Only 8% voter turnout… Tunisia, the worst ‘election neglect’ in political history

In the Tunisian general elections held on the 17th (local time), voter turnout of less than 10%, which is known to be the lowest in modern political history, is expected to be recorded. It is analyzed as a phenomenon that occurred when the authoritarian regime took advantage of Tunisia’s political and economic turmoil and voters’ disillusionment with the established political circles.

According to the Associated Press, the Tunisia Election Commission announced that the turnout for the general election held on that day was tentatively tallied at 8.8%. The final counted voter turnout may be higher than this, but it is not expected to rise significantly. In fact, a voter turnout of less than 10% is likely.

Tunisia’s voter turnout is unprecedentedly low both domestically and internationally. Max Gallien, a researcher at the Institute of Development Studies at the University of Sussex in the UK, told Social Network Service (SNS) that “Tunisia has a voter turnout rate that is only half the previous record (set by other countries), and is likely to record the lowest voter turnout in modern world history.” revealed According to the Swedish-based Institute for International Democracy and Electoral Aid (IDEA), the lowest voter turnout recorded so far was 17.8% in Haiti’s 2015 general election.

Record low voter turnout reflects the recent political turmoil in Tunisia. Tunisia was previously evaluated as the origin of the 2011 ‘Arab Spring’ uprising and successfully democratized, which is rare in the Middle East. Recently, the COVID-19 crisis has worsened the people’s livelihood, and anti-government protests have continued.

President Qays Saied, who was elected in October 2019, promised to eradicate corruption and incompetence in the political world, but took excessive steps that were close to rejecting parliamentary politics or party politics. The administration, legislative, and judicial functions were suspended, and the constitutional amendment was made to significantly strengthen the powers of the president. He even revised the election law in a way that effectively prevents political parties from interfering in elections by providing funding for candidates, saying he would completely change the parliament. In response, the opposition boycotted the elections, and the candidates were largely filled with self-financed businessmen, local celebrities and tribal elders.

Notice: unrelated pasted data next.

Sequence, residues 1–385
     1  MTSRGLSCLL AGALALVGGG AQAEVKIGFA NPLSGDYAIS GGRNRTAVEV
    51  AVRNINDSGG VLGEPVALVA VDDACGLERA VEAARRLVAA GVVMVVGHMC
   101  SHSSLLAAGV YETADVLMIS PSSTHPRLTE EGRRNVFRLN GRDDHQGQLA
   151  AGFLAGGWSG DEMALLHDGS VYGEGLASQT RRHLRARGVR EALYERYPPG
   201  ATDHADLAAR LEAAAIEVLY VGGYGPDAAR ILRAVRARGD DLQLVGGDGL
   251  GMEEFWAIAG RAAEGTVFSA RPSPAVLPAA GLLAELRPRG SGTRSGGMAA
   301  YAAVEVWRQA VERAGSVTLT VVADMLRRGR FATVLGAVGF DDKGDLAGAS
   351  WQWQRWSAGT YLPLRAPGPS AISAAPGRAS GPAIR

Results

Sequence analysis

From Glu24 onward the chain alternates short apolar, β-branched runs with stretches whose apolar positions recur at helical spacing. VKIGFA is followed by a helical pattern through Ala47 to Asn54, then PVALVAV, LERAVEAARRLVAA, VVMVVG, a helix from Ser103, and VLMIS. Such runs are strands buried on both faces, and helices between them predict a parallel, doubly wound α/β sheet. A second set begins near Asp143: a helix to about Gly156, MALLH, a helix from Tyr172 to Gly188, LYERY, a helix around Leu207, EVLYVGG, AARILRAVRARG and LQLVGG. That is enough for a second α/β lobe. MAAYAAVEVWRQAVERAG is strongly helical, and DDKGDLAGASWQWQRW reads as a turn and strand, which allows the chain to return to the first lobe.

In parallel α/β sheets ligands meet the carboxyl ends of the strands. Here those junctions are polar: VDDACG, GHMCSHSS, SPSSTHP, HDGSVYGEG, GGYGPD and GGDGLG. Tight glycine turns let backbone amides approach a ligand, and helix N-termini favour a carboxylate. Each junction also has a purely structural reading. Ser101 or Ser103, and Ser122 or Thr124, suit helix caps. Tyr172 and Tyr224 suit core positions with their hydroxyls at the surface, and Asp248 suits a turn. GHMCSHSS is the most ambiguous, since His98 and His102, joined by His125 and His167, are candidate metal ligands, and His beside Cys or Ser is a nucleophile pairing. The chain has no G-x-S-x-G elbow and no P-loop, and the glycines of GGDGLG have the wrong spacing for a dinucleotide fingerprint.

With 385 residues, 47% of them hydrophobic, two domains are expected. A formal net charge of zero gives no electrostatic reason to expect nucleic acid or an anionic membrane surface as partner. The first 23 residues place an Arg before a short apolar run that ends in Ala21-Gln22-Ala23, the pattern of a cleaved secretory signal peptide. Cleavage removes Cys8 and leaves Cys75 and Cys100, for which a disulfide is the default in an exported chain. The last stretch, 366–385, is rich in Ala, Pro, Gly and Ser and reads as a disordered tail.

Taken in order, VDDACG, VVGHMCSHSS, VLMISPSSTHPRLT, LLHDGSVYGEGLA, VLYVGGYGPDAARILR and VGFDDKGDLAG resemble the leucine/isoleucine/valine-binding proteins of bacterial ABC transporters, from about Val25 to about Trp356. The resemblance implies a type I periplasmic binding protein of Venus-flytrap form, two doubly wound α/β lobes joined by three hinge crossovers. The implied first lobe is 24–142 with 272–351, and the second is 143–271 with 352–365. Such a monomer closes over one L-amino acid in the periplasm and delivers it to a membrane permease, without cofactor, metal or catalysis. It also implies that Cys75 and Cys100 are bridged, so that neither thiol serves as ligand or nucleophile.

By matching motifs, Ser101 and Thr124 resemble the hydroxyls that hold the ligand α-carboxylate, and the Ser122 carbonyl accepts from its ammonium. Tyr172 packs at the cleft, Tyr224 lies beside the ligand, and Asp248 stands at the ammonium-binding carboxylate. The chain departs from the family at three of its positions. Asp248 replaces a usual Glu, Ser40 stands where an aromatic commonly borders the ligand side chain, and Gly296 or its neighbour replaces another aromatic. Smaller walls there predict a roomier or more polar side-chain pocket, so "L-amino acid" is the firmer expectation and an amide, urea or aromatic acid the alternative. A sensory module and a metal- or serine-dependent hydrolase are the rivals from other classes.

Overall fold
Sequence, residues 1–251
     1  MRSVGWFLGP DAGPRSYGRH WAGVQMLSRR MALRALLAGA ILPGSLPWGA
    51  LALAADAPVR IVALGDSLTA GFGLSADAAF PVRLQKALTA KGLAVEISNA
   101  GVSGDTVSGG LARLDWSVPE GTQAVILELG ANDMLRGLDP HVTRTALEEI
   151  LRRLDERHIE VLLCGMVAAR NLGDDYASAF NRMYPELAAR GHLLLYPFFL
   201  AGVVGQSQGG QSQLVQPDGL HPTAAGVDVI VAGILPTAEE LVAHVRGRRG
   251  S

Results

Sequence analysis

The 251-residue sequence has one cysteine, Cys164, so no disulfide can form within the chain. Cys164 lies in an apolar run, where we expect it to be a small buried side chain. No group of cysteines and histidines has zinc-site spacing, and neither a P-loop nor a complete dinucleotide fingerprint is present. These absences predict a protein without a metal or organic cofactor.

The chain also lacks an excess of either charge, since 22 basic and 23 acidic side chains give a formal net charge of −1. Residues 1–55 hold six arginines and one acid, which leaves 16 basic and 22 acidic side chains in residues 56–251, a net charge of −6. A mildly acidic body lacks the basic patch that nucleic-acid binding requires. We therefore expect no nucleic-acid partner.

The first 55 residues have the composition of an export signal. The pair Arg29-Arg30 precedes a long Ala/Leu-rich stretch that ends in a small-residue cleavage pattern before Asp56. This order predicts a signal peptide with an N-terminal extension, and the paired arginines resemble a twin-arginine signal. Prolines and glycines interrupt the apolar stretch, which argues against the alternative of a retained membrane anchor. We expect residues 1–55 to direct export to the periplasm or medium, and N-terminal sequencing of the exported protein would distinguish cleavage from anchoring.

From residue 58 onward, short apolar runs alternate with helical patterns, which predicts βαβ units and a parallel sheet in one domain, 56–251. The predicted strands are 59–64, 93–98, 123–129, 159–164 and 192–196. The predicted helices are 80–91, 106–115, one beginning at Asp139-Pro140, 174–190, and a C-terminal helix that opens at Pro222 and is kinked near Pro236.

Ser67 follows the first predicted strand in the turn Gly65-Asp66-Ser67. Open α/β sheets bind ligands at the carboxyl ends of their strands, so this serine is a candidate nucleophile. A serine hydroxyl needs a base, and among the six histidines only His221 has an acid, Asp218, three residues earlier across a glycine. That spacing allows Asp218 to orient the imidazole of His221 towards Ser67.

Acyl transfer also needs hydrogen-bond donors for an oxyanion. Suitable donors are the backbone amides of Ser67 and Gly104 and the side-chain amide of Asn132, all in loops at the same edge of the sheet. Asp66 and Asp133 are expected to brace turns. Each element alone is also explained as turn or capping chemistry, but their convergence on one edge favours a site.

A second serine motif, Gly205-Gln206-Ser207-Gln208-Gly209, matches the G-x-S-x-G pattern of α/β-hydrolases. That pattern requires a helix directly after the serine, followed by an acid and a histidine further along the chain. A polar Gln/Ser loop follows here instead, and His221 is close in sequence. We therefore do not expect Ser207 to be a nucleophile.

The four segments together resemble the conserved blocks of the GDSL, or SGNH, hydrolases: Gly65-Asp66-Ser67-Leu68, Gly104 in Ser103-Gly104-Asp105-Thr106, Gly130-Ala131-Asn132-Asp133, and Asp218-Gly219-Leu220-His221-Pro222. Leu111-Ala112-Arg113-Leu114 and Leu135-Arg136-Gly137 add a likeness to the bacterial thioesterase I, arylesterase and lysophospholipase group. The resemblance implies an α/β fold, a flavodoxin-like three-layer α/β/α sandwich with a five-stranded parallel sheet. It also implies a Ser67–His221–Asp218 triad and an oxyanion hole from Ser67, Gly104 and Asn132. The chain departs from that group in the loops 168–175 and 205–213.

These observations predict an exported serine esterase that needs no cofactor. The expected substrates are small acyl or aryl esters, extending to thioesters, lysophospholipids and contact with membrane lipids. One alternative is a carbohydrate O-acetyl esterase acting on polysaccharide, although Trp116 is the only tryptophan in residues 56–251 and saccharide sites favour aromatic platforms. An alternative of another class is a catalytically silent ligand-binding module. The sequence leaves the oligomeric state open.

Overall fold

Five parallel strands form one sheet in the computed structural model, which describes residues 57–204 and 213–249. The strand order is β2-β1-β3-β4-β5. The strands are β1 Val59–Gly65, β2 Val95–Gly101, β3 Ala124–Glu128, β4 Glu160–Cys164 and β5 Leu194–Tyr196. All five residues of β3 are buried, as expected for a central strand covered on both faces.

This systemic change led to the disregard for voting. The majority of voters have become unaware of the facets and political capabilities of candidates running for the region, and in electoral districts where candidates with financial power have registered 스포츠토토 alone, a problem has arisen in which the range of choices is virtually limited. The situation of citizens who are desperate to make a living here has reduced their interest in voting. Citizens who watched the government with uneasy eyes also failed to shake off their distrust of the opposition party and did not actively participate in voting.

The low voter turnout is expected to work in favor of the current administration. This is because if there is no political party to set the agenda and unite lawmakers based on a common cause, it is easy to divide even if a new parliament is formed, and the president’s authority cannot be checked. Among the current candidates, there are many people who tend to support the Said regime. If there is no vote to actively check them, there is a high possibility that they will be elected.

The current opposition coalition, the National Salvation Front, is calling for Saeed’s resignation, saying the record-breaking voter turnout shows the president’s loss of legitimacy. However, there are many people who support the president out of disappointment with the established political circles, so it is unclear whether the demand for resignation will be realized.

The decline in voter turnout in major elections has recently been observed not only in Tunisia but also around the world. Election experts believe that behind this phenomenon are voter indifference, young voters’ disillusionment with corrupt established politics, and voter oppression by authoritarian governments.